The Mekuti Balance Harness must be used with an appropriate double-ended lead which can be fed through the ring at the front of the harness.
Mekuti Double-Ended Leads work with the Mekuti Balance Harness.
All our Double-Ended Lead have three rings along the length of the lead so that it can be clipped to itself to form a handle, and then used as as a regular single-point lead.
When doing this, the main point of attachment to the dog should be with the trigger hook next to the Mekuti label.
Please Note: the Mekuti Double-Ended Lead IS NOT designed to attach two dogs together on one lead.
Each format of lead is designed to be used in conjunction with a correspond size harness.
Note, the lead which goes with the Mini Harness is 1/2" wide and made fromn the same material as the harness.
The LONG 3m leads are particularly useful when you do not need or want to be so close to the dog's wanderings. These could be along country roads and paths to avoid the handler having to negotiate arond puddles and mud or if the dog wants to go for a paddle somewhere.
|Standard Lead Length x Width
|Alternative for stronger dogs
|2.5m x 12.5mm
|2.5m x 19mm
|3m x 19mm
|2m x 19mm
|3m x 19mm
|(2m x 19mm) Large/Large
|2m x 25mm
|3m x 25mm
|2m x 25mm
|3m x 25mm
Goodness knows! We've never seen a purple dog yet purple is a popular colour. Some go for fashion and style and others go for something less obvious.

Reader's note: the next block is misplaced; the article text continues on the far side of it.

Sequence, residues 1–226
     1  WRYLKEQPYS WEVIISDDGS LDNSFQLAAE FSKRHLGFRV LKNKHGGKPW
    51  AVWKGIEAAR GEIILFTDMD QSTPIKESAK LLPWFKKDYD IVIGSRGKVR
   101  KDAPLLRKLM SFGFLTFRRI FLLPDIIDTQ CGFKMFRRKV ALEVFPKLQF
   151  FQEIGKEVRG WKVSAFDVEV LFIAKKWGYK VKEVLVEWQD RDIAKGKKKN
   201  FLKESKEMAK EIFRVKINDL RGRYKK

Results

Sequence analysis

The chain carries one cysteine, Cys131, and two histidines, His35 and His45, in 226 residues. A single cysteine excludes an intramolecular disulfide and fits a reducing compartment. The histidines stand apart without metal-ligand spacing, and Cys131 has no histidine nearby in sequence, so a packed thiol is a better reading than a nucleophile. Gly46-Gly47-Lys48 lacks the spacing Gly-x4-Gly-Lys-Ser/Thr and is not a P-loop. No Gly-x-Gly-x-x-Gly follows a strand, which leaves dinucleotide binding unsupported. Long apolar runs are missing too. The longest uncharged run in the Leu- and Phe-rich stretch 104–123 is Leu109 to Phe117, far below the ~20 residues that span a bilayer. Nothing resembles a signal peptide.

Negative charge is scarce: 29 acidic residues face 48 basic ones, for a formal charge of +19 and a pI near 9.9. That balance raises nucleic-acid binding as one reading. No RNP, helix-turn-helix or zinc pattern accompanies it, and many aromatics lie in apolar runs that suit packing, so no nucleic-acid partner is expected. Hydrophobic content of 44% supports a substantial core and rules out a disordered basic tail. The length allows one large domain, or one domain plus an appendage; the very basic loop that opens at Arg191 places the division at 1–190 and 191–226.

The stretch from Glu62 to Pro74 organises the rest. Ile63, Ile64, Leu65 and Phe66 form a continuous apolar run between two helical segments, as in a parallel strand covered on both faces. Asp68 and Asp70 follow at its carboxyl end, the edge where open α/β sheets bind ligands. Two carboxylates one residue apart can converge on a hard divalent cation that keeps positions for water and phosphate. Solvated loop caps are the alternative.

Our colour range is fairly broad beyond the red and black in most sizes. While we have to remember that the Mekuti Balance Harness & Double-Ended Lead have a primarily functional use we try to offer as wide a range as we can.
Please also note that because the Mekuti Harnesses and Leads are made from different materials, the colours do not actually match, but they can be said to 'co-ordinate'!
Some striped alternatives are available for the lesser matching colours are which can make the difference less distracting.
|Emerald Green Gypsy
|Navy Blue Gypsy
Using the double-ended lead as guided, gives the dog the sensation of a gentle change in its balance position and it therefore makes and adjustment to its body position in response.
The Mekuti Double-Ended Leads are purposefully designed to be lightweight to enable it needing the least amount of effort on the lead to bring the dog's attention to its balance.
Fistly, we urgently need to talk about The Puppy In The Room!
The lead is made from a 'Softex' padded material and can be bitten through, particularly by young dogs with their sharp teeth. We have some picture which show some example of damage by teeth in our 'Rogues Gallery'.
Mekuti equipment is guaranteed for two years covering failure of the manufacturer's stitching, rings and trigger hooks.
However, wear, the breaking or snapping of materials is not covered by guarantee.
Particularly soon after purchasing, harnesses and leads can appear to have broken or snapped. There is usually an 'innocent looking pup' close by which got curious.
We understand this can be most frustrating, but Mekuti is not here to profit from people's misfortune, so do contact us for how we can help, though broken equipment cannot be replaced for free.